Running Technique – Elements Of Effortless Running – Lower Body

Any books you read on running technique which has the potential to reduce the risk of injuries have a few common elements. Each technique or style of running (i.e. Chi Running, Pose Method, Natural Running) has its own particular elements that sets it aside from the others, however they all state that to run with less effort and fewer injuries a runner should:

 

1. Land with the foot underneath the body 

That means DO NOT land ahead of your body because you overstride, break your momentum and increase impact. When you overstride you also have to power up by re-engaging the back muscle chains to start a new stride. More effort, more muscle tension, more impact, higher risk of running injuries.

If you can see your feet when you run (by looking down with your eyes and head, not by bending your whole body) it’s a sign you are probably overstriding, landing heavily in front of your body.

Bouncing up and down too much can be another sign. Usually, if you land under your General Centre of Mass you won’t bounce, you will move smoothly, almost like gliding.

This will also help reduce the rotational forces in the joints which lead to overuse injuries in the ankles, knees, hips, spine.

 

2. Lean the body from the ankles

This is an up-right, slightly forward leaning from the ankles, correctly aligned posture. Let gravity do the work instead of using your muscle strength.

 

3. Strike the ground with a midfoot strike

Another common element is the midfoot strike. If you land under your general centre of mass and use gravity to move forward there is no way you will do a heel strike. You will automatically go into a midfoot-forefoot strike.

That being said make sure you don’t run on your toes. You land on the balls of your feet and then allow the heels to touch the ground slightly. That’s it.

If, when you run, you listen closely you can tell whether you land with the ball of the foot. You will hear a “tap” and then you will feel the heel touching the ground. If you hear a “punding” that’s heavy landing and probably heel striking.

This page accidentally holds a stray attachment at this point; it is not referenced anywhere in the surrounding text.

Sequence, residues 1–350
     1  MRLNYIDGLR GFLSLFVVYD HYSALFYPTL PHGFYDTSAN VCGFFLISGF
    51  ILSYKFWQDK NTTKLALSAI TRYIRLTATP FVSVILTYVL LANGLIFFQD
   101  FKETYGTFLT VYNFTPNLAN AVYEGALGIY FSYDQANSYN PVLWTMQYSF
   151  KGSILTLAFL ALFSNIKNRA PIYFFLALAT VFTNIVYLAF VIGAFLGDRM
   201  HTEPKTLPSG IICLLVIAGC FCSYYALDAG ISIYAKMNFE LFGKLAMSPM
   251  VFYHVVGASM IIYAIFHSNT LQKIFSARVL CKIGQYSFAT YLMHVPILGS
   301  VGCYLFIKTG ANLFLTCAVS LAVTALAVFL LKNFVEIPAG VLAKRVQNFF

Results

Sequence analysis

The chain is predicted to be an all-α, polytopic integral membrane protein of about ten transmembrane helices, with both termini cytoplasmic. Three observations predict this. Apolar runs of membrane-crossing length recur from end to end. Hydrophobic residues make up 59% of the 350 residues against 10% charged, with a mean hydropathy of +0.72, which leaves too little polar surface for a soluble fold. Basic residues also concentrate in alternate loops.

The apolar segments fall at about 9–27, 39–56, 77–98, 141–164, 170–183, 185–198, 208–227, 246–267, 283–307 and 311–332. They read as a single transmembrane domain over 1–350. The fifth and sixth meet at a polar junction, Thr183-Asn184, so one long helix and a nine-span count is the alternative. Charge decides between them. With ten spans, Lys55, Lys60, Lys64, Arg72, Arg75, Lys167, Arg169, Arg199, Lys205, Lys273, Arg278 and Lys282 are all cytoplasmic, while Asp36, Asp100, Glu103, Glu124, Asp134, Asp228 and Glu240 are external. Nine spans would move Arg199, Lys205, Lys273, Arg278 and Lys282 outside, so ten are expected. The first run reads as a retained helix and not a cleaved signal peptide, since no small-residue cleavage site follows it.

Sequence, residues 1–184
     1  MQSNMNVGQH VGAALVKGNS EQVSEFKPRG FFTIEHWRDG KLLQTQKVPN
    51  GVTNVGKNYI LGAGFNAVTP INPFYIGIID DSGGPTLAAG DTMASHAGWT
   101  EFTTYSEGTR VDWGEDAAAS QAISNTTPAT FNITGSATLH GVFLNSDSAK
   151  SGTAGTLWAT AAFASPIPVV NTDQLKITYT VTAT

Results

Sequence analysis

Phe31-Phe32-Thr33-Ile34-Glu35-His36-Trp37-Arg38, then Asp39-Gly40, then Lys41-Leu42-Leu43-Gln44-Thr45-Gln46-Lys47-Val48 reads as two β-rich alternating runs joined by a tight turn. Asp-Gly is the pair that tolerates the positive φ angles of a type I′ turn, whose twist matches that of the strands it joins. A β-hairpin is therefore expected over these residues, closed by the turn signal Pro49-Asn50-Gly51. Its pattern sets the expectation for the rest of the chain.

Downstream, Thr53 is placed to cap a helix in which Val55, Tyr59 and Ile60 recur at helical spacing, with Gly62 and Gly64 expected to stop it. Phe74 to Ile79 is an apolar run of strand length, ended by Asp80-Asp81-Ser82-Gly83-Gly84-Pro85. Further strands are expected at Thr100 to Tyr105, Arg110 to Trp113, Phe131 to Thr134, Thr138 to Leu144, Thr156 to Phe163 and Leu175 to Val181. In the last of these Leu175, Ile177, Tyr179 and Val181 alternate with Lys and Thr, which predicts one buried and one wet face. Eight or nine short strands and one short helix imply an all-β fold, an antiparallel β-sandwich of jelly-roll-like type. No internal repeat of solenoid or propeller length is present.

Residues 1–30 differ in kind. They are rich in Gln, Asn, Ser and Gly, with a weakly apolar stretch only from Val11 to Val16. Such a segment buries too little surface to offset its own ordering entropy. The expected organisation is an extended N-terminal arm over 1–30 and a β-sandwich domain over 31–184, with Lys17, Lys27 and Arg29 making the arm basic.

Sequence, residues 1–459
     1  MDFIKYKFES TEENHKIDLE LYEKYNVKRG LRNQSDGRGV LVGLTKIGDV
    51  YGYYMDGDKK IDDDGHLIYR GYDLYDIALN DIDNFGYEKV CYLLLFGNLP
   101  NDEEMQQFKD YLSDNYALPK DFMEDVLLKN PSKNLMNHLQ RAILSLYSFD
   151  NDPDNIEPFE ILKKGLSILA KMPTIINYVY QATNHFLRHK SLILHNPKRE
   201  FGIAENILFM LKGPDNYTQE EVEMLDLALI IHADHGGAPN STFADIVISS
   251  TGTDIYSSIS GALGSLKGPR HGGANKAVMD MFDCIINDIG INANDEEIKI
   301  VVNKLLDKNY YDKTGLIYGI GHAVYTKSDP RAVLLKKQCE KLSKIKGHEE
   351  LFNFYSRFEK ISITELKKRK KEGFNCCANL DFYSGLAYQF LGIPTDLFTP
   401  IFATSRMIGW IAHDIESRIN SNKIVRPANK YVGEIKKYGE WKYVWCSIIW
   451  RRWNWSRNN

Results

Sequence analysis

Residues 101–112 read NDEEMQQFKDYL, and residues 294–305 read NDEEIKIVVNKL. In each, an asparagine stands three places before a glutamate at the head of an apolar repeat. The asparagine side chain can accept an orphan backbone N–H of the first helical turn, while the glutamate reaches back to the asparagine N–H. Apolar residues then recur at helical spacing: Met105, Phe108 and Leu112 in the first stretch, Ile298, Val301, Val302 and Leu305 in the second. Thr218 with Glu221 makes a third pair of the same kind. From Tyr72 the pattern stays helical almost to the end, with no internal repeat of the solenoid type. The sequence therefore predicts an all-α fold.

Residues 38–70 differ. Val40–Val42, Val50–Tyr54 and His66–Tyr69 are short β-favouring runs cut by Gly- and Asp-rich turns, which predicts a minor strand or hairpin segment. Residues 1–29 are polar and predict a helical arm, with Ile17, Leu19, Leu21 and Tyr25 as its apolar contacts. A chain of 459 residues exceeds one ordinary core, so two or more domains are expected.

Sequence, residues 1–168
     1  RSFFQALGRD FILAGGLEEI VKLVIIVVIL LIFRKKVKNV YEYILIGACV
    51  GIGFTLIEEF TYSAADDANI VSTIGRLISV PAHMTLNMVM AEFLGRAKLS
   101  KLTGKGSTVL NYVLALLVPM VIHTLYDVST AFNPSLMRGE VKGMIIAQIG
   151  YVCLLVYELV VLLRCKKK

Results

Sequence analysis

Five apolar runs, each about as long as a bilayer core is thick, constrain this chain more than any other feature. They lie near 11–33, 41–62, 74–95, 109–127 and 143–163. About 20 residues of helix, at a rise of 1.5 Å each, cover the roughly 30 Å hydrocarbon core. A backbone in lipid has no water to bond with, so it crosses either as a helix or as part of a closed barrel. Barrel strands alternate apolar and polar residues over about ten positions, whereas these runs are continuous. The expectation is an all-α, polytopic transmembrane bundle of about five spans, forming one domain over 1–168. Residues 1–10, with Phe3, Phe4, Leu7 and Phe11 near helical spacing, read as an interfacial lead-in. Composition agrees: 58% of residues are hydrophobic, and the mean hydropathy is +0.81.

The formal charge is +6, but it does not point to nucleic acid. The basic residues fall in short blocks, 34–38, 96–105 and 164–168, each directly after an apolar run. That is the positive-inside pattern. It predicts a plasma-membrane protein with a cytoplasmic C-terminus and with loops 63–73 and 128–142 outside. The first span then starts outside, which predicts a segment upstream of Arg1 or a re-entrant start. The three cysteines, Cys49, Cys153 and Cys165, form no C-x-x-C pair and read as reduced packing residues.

If you think about it pretty much all sports require a midfoot or forefoot body weight distribution: dancing, skiing, martial arts free sparring, even tennis. Look at the footwork in this tennis match, just the first 10 seconds.

 

4. Pick up the feet

Your feet are like pendulums. A long pendulum will move slower, a shorter one will move faster. So stop shuffling your legs, dragging them behind you, instead pick them up and bend your knee. 

5. Aim for optimum cadence 

Running cadence is measured by the number of strides per minute that each leg takes. The optimum running cadence is considered to be 85 to 90 strides per minute. 

If you do all of the above then you can maintain the optimum cadence.

However you have to build up gradually to this cadence if it’s not your normal. Then you keep that cadence all the time and use the lean and picking up your feet to move faster. In Chi Running you also increase the strides to increase speed. But you move faster because you lean more and relax your legs more not because you are using muscle power. You should not put effort to increase your strides, it will happen as you lean more. But first master the lean.

alexandramerisoiu
Alexandra Merisoiu, The Body Engineer, is the Founder of The Merisoiu Technique - Institute Of Health And Human Movement and Dracula’s Retreat. She is also a qualified Low Back Pain Management and Prevention Exercise Instructor and REPS registered.

She specialises in working with runners, beginners and advanced, who want to run faster, further, with less effort and fewer injuries. This is done through natural movement fitness and running technique and mechanics drawn from the many disciplines Alexandra has studies throughout the years, including long distance running.

Since 1995 she has explored how the body and mind works. She has done this through using many different sporting techniques and working with a wide variety of highly respected coaches. Throughout her Martial Arts career she has achieved 3rd Dan Black Belt in Karate Shotokan, runs her own Karate club and is IJKA 2017 triple World Champion, 2016 WMO Martial Arts British National and European Champion. She still competes at an international level.

It is through these learnings, and drawing inspiration from respected natural movement names such as MovNat, IdoPortal and POSE Method of running among many others, that she has created The Merisoiu Technique and has established her own unique transformational programs that incorporate thousands of years of knowledge with Natural Human Movement.

Alexandra’s mission is to challenge the status quo of how to achieve the truly strong, fit and powerful body a runner needs to perform at their best level. This is done through building strong, lasting foundations in the natural outdoor environment; reducing the risk of injuries and educating people on the power of the fundamentals of natural human movement and running mechanics.

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